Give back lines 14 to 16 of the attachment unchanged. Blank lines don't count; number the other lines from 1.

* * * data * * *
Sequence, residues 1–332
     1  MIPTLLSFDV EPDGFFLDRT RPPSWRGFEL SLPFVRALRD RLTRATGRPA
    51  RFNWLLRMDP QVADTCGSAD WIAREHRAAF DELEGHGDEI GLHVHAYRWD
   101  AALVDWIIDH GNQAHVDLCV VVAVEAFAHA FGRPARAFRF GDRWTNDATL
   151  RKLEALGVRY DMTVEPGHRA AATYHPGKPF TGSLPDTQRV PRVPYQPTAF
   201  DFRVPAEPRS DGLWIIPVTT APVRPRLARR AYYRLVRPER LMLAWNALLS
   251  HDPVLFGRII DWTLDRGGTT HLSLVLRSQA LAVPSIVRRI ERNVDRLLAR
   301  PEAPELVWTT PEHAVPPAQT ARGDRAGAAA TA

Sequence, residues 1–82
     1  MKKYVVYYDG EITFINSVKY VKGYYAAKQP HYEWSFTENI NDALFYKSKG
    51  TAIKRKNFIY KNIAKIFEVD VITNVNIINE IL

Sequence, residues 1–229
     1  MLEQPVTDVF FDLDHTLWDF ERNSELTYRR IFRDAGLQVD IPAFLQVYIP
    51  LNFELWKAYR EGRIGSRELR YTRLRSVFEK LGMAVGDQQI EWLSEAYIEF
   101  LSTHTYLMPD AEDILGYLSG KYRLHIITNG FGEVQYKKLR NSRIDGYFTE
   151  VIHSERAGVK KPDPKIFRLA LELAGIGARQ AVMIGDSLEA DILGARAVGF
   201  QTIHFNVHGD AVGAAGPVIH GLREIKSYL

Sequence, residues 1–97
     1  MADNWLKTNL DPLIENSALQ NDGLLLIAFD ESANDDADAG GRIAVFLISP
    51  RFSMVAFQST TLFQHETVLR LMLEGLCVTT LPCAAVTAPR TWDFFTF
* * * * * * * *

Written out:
    51  LNFELWKAYR EGRIGSRELR YTRLRSVFEK LGMAVGDQQI EWLSEAYIEF
   101  LSTHTYLMPD AEDILGYLSG KYRLHIITNG FGEVQYKKLR NSRIDGYFTE
   151  VIHSERAGVK KPDPKIFRLA LELAGIGARQ AVMIGDSLEA DILGARAVGF